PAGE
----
AppLocker – Part 3

Introduction:
In the previous blog we looked at the AppLocker Rules, Rule Conditions and how to enforce them. In this blog we will look at AppLocker in audit mode.
By using the Audit only enforcement setting, you can ensure that the AppLocker rules are properly configured for your organization. When AppLocker policy enforcement is set to Audit only, rules are only evaluated but all events generated from that evaluation are written to the AppLocker log.

Enable AppLocker Audit mode:
To enable AppLocker audit you will open Group Policy Manager, open your AppLocker GPO and navigate to Computer ConfigurationPolicies Windows SettingsSecurity SettingsApplication Control PoliciesAppLocker click on Configure rule enforcement

On each of the rule sets you would like to audit make sure the Configured box is ticked and select Audit only from the drop-down list.
Ensure you have rules created in each rule set you enable for auditing.

AppLocker Event IDs
The following table contains information about the events that you can use to determine which apps are affected by AppLocker rules.

Event ID Level Event message Description
8002 Information *<File name> * was allowed to run. Specifies that the .exe or .dll file is allowed by an AppLocker rule.
8003 Warning *<File name> * was allowed to run but would have been prevented from running if the AppLocker policy were enforced. Applied only when the **Audit only ** enforcement mode is enabled. Specifies that the .exe or .dll file would be blocked if the **Enforce rules ** enforcement mode were enabled.
8005 Information *<File name> * was allowed to run. Specifies that the script or .msi file is allowed by an AppLocker rule.
8006 Warning *<File name> * was allowed to run but would have been prevented from running if the AppLocker policy were enforced. Applied only when the **Audit only ** enforcement mode is enabled. Specifies that the script or .msi file would be blocked if the **Enforce rules ** enforcement mode were enabled.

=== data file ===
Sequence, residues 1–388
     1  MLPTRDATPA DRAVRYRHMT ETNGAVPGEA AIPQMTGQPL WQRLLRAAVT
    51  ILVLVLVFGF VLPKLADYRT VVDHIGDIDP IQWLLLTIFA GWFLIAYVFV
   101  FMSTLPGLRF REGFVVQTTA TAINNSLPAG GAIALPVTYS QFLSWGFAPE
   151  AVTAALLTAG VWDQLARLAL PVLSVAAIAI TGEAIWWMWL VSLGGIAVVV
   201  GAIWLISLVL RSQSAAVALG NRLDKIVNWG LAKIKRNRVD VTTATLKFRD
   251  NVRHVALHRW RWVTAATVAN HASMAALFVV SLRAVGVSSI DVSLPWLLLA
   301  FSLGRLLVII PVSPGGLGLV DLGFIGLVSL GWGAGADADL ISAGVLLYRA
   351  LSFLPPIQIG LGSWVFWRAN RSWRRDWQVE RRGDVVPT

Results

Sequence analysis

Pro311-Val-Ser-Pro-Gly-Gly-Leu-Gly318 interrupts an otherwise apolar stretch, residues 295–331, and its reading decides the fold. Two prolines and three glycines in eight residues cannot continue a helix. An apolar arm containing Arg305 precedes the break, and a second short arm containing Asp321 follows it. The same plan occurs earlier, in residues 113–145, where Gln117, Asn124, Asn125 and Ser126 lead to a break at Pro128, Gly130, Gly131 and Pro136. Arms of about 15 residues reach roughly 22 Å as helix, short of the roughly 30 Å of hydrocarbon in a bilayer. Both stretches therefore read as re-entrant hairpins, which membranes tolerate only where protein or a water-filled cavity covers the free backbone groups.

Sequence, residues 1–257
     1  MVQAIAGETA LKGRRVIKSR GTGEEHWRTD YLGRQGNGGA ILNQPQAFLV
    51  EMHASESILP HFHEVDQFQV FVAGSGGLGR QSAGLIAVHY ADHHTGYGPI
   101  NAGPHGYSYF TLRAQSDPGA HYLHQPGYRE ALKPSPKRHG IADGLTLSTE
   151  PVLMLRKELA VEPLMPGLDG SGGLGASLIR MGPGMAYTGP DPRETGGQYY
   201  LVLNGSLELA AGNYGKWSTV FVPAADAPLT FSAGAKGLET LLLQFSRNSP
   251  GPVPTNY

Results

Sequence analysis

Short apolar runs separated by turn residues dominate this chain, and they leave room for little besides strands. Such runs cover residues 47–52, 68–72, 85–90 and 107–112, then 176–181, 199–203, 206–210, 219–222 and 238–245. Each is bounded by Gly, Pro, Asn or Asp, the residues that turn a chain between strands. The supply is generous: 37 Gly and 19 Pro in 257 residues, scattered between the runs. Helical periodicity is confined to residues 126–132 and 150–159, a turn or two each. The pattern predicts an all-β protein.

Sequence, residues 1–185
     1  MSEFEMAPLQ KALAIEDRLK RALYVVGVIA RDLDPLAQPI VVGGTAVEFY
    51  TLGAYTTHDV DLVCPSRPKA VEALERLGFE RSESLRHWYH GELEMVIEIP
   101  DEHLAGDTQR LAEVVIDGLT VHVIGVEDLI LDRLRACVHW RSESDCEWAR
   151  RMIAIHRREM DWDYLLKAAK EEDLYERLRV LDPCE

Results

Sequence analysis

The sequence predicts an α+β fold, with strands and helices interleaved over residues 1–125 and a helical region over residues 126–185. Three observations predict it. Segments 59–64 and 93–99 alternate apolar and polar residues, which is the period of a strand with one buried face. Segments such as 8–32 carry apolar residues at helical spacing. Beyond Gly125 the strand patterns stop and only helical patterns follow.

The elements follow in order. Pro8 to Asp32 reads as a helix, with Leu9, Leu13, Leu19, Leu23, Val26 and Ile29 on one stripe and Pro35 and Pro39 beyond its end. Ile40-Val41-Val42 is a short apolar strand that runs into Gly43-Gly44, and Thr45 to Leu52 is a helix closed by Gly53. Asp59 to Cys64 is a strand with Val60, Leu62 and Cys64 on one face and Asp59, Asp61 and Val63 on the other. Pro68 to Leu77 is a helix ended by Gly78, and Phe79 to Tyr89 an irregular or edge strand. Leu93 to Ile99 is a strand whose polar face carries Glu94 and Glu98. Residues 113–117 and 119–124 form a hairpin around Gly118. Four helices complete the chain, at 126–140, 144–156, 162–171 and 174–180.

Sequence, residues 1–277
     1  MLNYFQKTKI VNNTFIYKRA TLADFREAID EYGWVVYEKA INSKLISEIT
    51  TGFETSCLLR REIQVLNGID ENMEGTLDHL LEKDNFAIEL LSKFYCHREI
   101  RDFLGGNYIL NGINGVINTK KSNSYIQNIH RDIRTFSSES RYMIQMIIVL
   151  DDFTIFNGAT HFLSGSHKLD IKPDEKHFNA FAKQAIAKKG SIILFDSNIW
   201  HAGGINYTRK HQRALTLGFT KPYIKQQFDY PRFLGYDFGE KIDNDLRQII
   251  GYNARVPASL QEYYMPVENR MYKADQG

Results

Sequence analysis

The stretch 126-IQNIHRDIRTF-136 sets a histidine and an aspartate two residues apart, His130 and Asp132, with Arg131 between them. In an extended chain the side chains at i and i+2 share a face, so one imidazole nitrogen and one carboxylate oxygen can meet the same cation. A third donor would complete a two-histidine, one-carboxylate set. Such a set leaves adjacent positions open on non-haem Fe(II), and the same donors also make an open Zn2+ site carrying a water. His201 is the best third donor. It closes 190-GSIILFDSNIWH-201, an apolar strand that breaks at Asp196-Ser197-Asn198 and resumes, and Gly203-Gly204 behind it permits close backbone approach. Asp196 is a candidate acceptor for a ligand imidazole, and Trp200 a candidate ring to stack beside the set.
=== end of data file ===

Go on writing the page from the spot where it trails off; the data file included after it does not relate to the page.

8007 Error *<File name> * was not allowed to run. Access to *<file name> * is restricted by the administrator. Applied only when the **Enforce rules ** enforcement mode is set either directly or indirectly through Group Policy inheritance. The script or .msi file cannot run.
8020 Information Packaged app allowed. Added in Windows Server 2012 and Windows 8.
8021 Information Packaged app audited. Added in Windows Server 2012 and Windows 8.
8022 Information Packaged app disabled. Added in Windows Server 2012 and Windows 8.
8023 Information Packaged app installation allowed. Added in Windows Server 2012 and Windows 8.
8024 Information Packaged app installation audited. Added in Windows Server 2012 and Windows 8.
8025 Warning Packaged app installation disabled. Added in Windows Server 2012 and Windows 8.
8027 Warning No Packaged app rule configured. Added in Windows Server 2012 and Windows 8.

Conclusion:
The AppLocker log contains information about applications that are affected by AppLocker rules. Each event in the log contains detailed info about:

  • Which file is affected and the path of that file
  • Which packaged app is affected and the package identifier of the app
  • Whether the file or packaged app is allowed or blocked
  • The rule type (path, file hash, or publisher)
  • The rule name
  • The security identifier (SID) for the user or group identified in the rule

By enabling AppLocker audit mode, you are able to retreive vital information from Event ID information that could help you to build your AppLocker rules.

In the next blog we will look at how you can use the Event ID information to create rules.

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